There was no ruling to justify it, but Waters banged her gavel again, apparently out of pure rage.
“Bailiff! Gag the defendant!”
The bailiff, an older man with thinning hair and a gut, moved to obey, but his expression suggested he found the order distasteful. Thirty seconds later Cynthia stood before the bench with a strip of tape across her mouth.
Waters turned to her attorney.
“Mr. Bauer, have you advised your client of the possible consequences of her continued defiance to the court order?”
“I have, your Honor. Mz. Howard is aware of the penalty, but she believes the order is illegal. She is a woman of integrity; it’s very difficult to persuade someone with such high moral standards to cave in.”
Waters glared at him, but Bauer gazed back with saintly innocence.
“Does defendant’s counsel have anything further to add?”
“I renew the motion to dismiss, your Honor. This is a gridlock and it isn’t getting us anywhere.”
Waters shook her head firmly. “Denied.”
Bauer extended his arms to the side and dropped them, shaking his head. Waters looked at her calendar.
“Very well. We’ll give Mz. Howard another fifty days to think about it. We will reconvene on Sextua 44—”
“If it please the Court!”
Waters’ head jerked up in surprise. From behind the holocams in the gallery, a figure emerged, a young man in Army uniform. He stepped smartly forward and stopped at the wing gate separating the gallery from the forecourt. Waters squinted.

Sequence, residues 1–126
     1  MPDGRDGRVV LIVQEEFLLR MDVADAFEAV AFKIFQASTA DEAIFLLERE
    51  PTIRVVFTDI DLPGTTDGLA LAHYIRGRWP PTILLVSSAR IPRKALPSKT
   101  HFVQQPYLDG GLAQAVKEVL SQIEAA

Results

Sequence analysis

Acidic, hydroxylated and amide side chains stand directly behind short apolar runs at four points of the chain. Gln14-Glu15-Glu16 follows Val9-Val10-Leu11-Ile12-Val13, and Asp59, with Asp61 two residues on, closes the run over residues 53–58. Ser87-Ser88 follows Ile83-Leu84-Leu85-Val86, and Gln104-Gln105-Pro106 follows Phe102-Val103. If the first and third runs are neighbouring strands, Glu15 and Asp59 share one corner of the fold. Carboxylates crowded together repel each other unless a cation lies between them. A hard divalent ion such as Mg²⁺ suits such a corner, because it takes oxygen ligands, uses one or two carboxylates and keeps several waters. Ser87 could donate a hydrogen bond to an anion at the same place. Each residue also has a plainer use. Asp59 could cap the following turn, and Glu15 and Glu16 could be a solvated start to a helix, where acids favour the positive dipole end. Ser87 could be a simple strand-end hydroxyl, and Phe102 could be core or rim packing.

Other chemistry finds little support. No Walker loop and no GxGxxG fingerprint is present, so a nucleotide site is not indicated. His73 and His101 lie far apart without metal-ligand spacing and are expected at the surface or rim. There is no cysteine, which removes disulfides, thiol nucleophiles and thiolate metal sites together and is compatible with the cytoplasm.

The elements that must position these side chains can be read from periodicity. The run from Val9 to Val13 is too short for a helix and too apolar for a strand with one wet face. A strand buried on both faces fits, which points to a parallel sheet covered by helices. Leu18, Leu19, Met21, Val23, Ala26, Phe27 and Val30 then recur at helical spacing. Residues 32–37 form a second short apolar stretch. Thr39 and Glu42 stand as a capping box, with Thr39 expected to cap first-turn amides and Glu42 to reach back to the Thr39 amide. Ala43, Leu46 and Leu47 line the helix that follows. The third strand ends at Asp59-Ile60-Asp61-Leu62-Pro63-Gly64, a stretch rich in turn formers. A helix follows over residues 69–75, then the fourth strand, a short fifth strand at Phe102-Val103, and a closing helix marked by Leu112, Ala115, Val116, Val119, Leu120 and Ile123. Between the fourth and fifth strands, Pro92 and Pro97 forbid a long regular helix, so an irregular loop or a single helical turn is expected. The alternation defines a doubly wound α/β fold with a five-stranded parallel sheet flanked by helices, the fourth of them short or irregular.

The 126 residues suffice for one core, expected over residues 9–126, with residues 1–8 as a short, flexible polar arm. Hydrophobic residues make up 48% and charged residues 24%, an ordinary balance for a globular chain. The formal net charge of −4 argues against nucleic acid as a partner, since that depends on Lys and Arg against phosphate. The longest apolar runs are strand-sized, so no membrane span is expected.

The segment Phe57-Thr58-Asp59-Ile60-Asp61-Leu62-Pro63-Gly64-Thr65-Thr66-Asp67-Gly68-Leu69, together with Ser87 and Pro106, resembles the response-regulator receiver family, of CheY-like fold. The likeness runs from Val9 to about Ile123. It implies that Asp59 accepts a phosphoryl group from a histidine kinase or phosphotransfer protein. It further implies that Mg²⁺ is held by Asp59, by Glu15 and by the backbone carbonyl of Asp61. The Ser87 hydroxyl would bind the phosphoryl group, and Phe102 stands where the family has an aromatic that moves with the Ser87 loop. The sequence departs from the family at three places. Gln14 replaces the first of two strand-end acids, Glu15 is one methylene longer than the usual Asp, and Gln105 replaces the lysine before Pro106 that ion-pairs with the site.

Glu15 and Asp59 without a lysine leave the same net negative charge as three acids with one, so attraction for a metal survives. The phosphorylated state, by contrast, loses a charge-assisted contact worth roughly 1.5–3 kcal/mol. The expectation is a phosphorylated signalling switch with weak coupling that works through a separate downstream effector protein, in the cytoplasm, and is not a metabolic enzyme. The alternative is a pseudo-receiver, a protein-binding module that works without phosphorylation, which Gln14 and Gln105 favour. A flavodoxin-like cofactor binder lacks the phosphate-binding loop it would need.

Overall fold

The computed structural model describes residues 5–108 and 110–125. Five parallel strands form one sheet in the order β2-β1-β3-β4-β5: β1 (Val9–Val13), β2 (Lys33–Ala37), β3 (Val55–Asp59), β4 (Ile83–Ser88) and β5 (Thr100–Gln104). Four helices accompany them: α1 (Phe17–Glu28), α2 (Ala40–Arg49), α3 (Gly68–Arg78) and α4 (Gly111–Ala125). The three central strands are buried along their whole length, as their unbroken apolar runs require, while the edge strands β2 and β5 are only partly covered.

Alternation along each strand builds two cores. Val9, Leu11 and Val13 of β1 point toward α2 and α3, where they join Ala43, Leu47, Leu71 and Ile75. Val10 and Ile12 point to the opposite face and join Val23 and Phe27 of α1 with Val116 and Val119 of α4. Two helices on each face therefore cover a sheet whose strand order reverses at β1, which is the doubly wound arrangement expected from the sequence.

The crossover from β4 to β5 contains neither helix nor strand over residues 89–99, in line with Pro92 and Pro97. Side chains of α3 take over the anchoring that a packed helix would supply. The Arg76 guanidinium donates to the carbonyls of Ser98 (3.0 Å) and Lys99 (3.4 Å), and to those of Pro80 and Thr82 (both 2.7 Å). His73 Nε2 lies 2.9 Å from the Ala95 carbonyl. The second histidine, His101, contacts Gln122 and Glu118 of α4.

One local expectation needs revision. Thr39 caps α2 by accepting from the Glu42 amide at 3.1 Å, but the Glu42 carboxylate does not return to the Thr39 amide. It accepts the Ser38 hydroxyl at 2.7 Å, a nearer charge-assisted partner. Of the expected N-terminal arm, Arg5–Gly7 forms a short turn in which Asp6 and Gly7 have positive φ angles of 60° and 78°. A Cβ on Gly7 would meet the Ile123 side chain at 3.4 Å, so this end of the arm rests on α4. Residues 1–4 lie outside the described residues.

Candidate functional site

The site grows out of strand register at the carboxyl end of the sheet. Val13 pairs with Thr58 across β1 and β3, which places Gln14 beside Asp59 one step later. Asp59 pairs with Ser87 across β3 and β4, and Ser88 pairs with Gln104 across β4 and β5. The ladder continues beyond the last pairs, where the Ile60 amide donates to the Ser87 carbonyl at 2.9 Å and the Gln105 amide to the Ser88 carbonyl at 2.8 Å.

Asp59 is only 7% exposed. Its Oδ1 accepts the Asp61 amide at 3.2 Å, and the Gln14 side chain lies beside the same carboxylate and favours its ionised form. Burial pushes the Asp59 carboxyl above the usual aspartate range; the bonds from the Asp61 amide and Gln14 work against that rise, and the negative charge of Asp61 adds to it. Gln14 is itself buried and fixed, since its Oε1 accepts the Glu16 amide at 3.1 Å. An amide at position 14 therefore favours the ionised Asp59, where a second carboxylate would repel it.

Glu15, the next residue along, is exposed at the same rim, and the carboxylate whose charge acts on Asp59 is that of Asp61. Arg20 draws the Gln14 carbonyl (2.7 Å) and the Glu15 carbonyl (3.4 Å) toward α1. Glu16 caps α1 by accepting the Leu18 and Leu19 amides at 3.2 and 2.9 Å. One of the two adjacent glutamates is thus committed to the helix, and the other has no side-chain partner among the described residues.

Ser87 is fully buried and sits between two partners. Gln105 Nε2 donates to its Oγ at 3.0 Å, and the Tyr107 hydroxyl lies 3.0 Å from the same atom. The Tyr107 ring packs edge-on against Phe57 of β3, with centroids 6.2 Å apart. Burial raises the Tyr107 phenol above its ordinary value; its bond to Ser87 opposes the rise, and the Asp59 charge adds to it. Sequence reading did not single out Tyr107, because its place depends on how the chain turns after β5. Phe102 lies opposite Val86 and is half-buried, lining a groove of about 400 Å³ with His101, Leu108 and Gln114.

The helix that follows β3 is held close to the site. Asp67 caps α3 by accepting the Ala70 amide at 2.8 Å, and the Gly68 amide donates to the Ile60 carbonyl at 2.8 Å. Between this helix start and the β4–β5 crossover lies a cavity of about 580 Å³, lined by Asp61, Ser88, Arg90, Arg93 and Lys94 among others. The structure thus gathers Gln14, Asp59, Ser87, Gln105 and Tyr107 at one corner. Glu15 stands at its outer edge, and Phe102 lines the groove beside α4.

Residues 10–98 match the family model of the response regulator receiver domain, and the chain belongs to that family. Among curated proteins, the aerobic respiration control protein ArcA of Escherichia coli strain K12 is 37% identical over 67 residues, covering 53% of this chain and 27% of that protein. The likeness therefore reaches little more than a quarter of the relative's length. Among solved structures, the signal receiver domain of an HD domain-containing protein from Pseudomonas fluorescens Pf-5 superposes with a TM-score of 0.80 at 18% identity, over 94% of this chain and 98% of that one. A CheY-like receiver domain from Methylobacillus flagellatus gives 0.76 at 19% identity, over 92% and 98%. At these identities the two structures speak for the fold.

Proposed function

“Who are you?”
“Do you remember Agricor, Senator?”
“Of course I remember it. Why wouldn’t I?”
“Do you remember when President Enza asked for ten divisions to send to Agricor, because our task force there was about to be overrun by an army from Eroak?”
White swallowed. His throat was dry.
“How did you vote on that request, sir? Did you vote in favor of the troops, or did you vote against them? Did you give the President what she needed?”
“You voted against them, didn’t you? During the initial debate, you were all in favor of giving the President what she wanted, but the next day, after Michael Marco delivered his speech condemning the mission, you reversed yourself. Do you remember that?”
White twisted in his chair, his skin blue with cold. His bladder was about to split.
“I wasn’t the only one! At least a hundred others did the same thing!”
“Yes they did. But right now we’re talking about you.”
“How—how do you know all this? It was a closed session!”
“Why did you change your vote, Senator? Did you think the troops on Agricor weren’t worth saving?”
“No! No, of course not.”
“Then please explain it to me.”
“It was… I just…”
“Were you afraid to stand up to Marco? Is that why you changed your position?”
“Marco…Marco made a very convincing case! Diplomacy hadn’t been tried! Enza jumped the gun and sent the Army out there without trying to resolve the issue through peaceful means.”